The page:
b.  If the TCNs are devoted to digitization in different research
areas there may be no incentive for them to develop software solutions
that support interoperability.  Would the technology development and
deployment needed to integrate them be the responsibility of the HUB
or of each TCN?  If the former, would the HUB be expected to support
technology development from its core NSF award or would it be expected
to develop and submit spin-off proposals to support these additional

c.  The solicitation states in several places that the HUB should
provide access to the digitized products of TCNs but there are already
community portals for this function (especially GBIF).  Will the HUB
be expected to develop a new portal specifically for TCN data or can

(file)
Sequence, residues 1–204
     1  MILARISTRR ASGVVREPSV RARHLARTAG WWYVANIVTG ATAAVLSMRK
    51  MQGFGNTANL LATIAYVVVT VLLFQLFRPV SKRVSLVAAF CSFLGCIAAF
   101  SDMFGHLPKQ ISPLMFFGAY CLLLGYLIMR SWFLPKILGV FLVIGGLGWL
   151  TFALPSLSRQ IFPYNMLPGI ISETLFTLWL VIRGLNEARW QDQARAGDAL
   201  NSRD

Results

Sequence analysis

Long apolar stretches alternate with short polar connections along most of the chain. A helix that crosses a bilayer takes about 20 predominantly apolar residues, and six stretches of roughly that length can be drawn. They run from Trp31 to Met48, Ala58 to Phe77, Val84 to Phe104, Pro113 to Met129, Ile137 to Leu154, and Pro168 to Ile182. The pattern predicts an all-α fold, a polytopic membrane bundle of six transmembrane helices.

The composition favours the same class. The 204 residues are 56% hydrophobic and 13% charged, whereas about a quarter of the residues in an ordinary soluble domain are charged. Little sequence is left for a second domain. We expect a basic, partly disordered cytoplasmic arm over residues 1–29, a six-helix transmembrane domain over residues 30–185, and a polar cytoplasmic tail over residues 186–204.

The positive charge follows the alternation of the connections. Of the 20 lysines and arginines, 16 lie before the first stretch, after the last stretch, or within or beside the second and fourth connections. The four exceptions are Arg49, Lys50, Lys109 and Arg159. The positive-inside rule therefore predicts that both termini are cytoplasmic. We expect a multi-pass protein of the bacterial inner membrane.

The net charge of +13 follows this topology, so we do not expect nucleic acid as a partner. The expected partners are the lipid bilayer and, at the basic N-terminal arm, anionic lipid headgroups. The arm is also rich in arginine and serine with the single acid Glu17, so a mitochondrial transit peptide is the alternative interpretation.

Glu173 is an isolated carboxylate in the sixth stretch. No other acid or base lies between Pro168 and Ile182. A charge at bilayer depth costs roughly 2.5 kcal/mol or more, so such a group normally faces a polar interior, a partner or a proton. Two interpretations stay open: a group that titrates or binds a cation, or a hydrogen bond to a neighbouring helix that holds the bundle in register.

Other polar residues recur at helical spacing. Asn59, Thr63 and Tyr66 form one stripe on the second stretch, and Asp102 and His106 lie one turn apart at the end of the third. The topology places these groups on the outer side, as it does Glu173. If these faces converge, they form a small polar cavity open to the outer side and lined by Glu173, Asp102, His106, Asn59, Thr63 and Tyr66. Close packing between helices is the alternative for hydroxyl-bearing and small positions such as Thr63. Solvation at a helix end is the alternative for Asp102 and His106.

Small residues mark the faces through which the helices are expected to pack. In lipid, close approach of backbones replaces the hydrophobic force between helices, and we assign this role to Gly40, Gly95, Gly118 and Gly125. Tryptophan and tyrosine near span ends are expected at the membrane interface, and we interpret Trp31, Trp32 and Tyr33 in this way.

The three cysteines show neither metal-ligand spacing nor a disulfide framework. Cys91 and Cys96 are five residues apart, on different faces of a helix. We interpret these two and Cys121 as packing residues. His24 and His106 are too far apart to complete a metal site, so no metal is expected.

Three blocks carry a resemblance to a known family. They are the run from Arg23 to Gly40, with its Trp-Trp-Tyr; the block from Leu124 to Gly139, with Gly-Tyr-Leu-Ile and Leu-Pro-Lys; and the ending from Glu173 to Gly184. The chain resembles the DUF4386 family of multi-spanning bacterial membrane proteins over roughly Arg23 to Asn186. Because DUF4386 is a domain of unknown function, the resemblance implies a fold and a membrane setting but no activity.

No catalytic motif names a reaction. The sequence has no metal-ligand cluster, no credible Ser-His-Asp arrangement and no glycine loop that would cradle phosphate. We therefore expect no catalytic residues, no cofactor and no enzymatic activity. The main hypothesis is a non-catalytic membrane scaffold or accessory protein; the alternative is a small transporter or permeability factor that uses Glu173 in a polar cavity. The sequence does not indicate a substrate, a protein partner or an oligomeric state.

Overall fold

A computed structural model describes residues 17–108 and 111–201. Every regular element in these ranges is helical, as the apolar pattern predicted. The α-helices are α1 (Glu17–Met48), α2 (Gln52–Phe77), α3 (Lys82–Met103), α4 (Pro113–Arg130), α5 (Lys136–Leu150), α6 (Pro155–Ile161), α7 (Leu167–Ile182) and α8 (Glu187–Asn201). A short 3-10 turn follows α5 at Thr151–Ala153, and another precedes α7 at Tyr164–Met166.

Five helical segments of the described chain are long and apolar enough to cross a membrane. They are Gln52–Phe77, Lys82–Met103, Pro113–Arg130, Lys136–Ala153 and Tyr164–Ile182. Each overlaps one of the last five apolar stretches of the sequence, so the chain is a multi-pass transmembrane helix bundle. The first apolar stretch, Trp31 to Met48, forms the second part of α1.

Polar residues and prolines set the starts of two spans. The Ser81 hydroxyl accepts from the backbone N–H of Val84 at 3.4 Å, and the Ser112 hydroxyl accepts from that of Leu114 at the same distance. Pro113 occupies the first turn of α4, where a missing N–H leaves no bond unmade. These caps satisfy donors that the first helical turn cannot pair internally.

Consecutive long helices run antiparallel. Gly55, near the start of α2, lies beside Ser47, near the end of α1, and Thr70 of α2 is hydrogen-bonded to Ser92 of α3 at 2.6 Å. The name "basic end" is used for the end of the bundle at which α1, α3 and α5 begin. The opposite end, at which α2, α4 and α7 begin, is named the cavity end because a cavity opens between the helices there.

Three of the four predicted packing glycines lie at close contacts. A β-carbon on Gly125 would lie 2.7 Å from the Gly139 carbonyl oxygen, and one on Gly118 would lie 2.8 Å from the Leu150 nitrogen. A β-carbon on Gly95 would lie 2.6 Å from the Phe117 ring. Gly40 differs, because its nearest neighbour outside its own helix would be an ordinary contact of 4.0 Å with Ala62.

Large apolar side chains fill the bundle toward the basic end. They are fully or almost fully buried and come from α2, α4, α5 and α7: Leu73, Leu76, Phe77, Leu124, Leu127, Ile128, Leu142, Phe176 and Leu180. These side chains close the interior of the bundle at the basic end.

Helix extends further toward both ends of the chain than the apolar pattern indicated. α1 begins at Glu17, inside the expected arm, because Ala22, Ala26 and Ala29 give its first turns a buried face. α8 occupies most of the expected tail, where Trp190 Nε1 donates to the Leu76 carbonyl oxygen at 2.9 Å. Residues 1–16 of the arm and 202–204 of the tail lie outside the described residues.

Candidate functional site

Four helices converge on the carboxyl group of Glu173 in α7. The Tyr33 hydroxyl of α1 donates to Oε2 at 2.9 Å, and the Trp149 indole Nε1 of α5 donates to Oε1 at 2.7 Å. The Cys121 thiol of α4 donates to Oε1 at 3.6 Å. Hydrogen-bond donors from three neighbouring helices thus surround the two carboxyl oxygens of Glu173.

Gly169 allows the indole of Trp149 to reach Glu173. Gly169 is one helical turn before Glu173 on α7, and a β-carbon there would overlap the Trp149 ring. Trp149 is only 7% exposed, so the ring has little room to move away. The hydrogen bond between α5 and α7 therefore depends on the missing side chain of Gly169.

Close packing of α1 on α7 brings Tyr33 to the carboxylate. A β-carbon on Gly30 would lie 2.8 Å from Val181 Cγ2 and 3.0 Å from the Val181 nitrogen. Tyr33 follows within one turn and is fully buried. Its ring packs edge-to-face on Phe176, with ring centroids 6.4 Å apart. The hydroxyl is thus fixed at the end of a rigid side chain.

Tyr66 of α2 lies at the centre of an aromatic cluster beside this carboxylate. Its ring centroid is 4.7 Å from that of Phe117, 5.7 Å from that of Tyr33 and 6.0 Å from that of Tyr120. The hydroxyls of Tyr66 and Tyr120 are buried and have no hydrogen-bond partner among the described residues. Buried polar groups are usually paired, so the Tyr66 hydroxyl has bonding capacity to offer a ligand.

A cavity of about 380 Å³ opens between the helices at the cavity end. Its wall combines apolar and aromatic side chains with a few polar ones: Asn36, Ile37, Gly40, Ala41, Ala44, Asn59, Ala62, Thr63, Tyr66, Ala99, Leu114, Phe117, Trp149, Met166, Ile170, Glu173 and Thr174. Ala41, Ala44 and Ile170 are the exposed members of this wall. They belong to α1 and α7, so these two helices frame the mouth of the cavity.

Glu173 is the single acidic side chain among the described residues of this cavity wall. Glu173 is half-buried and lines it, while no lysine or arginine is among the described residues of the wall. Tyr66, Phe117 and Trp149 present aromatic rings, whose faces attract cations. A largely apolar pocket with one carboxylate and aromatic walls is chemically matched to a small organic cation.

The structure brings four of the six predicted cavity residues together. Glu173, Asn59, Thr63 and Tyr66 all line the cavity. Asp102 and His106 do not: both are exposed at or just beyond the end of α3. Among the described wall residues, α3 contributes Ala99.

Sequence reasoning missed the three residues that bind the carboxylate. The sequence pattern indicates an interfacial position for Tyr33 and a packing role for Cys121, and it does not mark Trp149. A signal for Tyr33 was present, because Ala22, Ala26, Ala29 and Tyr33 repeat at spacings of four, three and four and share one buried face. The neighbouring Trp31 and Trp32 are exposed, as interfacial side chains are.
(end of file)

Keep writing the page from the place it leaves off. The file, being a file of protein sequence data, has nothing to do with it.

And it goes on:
these data be exposed through existing portals?  Does NSF expect the
HUB to also address the problem of long-term data archiving for TCN

 2.  Potential HUB configurations.
Participants discussed the range of HUB tasks described in the
solicitation (e.g., organizing the community, technical integration,
outreach, monitoring).  There was general agreement that no single
institution has all the capabilities, experience, and skill sets
necessary to provide leadership in all the relevant areas.
Participants therefore agreed that the most effective approach would
be a single proposal submitted by a lead institution that included
subcontracts to hublets that would each have lead responsibility for
different areas of activity.  The lead institution and hublets would
need to work closely with each other as well as being proactive in
engaging other segments of the collections community.  A successful
HUB would need to balance the need to work with the most capable
institutions with the goal of uniting the entire community.
Participants agreed that it will be critical to strike the right
balance between being goal-directed and being inclusive.  Some
participants thought that the lead institution (i.e., the one that